The criminal trial against former state Rep. Stephen LaRoque began in earnest Tuesday, with testimony from former board members of his non-profit and federal agriculture officials who oversaw the rural lending program he ran.
Yet to be mentioned are a dozen replica Faberge eggs and jewelry the Kinston Republican is accused of buying with money he stole from his economic development non-profit, East Carolina Development Company. (Click here to read a past blog post about the eggs LaRoque bought, and a brief history of the eggs themselves.)
The trial is being held at the federal courthouse in Greenville in front of Senior U.S. District Court Judge Malcolm Howard.
Former ECDC board member John Melling, a New Bern insurance agent, said he served on the board of East Carolina Development Company for eight years and left in 2006 because he didn’t feel at ease serving a board consisting largely of LaRoques—Stephen, his brother Walter and wife Susan.
“I just felt uncomfortable,” Melling said. “You had three directors, they were all related. Stephen, his brother and his wife.”
Melling had also said he was pleased with the non-profit’s earlier work.
During Melling’s testimony, federal prosecutor Dennis Duffy pointed out that in the early years of the non-profit’s inception, board meetings were attended by a variety of directors that loans were approved by. In the later years of the non-profit, LaRoque is accused of having the non-profit whittle down to his immediate family and approving loans of federal money to close associates, in addition to stockpiling cash so that he could receive a generous three percent of holdings for his salary.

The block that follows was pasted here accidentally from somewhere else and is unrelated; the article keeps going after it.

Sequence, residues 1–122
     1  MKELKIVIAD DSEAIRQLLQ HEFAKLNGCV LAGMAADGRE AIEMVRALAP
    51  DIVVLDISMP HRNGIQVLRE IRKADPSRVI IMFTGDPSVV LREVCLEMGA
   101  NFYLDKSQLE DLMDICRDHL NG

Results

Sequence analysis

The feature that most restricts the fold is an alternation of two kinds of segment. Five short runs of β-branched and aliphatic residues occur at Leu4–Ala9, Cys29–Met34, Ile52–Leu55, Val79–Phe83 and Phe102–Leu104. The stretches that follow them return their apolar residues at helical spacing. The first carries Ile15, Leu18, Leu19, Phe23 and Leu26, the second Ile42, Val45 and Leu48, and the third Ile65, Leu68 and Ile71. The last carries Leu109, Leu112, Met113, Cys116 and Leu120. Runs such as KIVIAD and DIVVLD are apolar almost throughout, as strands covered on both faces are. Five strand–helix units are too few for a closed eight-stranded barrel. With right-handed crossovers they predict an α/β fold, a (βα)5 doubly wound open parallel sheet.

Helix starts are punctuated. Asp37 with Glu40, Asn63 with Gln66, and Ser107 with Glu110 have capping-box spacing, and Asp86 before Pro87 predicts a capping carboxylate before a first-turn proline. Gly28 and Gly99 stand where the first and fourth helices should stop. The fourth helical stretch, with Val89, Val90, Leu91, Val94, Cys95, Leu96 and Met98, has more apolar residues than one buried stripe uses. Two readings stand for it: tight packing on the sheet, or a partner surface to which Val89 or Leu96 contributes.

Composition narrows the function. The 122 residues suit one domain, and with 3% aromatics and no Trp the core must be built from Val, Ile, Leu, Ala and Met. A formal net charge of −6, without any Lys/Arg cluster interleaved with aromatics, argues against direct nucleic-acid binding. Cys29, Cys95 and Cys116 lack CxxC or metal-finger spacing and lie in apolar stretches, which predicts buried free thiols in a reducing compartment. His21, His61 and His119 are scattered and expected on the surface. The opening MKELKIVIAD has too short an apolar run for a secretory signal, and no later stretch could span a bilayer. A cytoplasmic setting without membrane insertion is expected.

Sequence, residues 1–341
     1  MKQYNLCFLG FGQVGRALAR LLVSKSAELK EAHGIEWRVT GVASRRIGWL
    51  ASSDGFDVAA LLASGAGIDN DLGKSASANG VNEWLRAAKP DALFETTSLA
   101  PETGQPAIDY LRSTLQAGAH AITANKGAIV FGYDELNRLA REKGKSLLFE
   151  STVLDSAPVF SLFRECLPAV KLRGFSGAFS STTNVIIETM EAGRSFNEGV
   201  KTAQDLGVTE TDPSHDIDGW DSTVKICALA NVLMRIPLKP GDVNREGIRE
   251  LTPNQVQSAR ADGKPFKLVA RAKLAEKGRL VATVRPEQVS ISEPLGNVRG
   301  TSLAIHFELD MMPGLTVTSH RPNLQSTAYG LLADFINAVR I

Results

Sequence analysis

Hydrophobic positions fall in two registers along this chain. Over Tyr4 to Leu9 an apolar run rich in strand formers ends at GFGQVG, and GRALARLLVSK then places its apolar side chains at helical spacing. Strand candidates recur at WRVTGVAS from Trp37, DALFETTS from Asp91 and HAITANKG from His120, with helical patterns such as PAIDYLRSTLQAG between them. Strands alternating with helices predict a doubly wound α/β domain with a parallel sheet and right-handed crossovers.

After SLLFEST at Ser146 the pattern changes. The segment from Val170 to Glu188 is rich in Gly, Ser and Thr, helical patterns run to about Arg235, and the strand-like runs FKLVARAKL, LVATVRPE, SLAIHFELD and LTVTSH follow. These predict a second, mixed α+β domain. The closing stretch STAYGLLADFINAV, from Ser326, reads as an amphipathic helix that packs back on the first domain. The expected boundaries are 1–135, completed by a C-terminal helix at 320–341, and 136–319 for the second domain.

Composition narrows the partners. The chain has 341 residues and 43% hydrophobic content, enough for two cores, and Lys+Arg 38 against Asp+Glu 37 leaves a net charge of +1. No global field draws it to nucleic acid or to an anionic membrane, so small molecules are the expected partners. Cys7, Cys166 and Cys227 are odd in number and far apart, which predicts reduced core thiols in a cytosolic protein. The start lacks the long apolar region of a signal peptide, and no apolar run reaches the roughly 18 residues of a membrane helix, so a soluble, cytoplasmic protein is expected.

LaRoque, 49, is facing more than 90 years in prison, if convicted of the dozen criminal charges he faces accusing him of using the bank accounts of his federally-funded non-profits for his own personal uses on top of the $2.1 million he got in compensation from 1998 to 2012. Federal prosecutor Dennis Duffy has indicated in court filings that LaRoque used the money to buy expensive jewelry and replica Faberge eggs for his wife, as well as a Greenville ice-skating rink and Zamboni ice resurfacer to tend to the rink’s ice. The two non-profits LaRoque ran, ECDC and the Piedmont Development Company, were part of a U.S. Department of Agriculture rural lending program that provided loans at low-interest to intermediary groups like LaRoque’s with the intention the money would be loaned out to small businesses in rural areas unable to get traditional business loans on their own.
The federal investigation came after an August 2011 N.C. Policy Watch investigation that found LaRoque received generous salaries, as high as $195,000 a year, from the one-employee non-profit while loaning out money to close associates and political colleagues.
LaRoque has pleaded not guilty, and in cross examinations Monday, his attorneys Joe Cheshire and Eliot Abrams asked witnesses if LaRoque’s payments were part of an oral contract he had with the non-profit, and pointed out the confusing regulations that governed the U.S. Department of Agriculture’s Rural Lending Program.
The Policy Watch investigation found that USDA provided lax oversight of the $8 million it loaned LaRoque’s two non-profits. It failed to conduct four years of site visits, didn’t pick up on annual audits that warned that LaRoque had sole control of the non-profit’s money and were unaware of LaRoque’s high compensation until a reporter made them aware.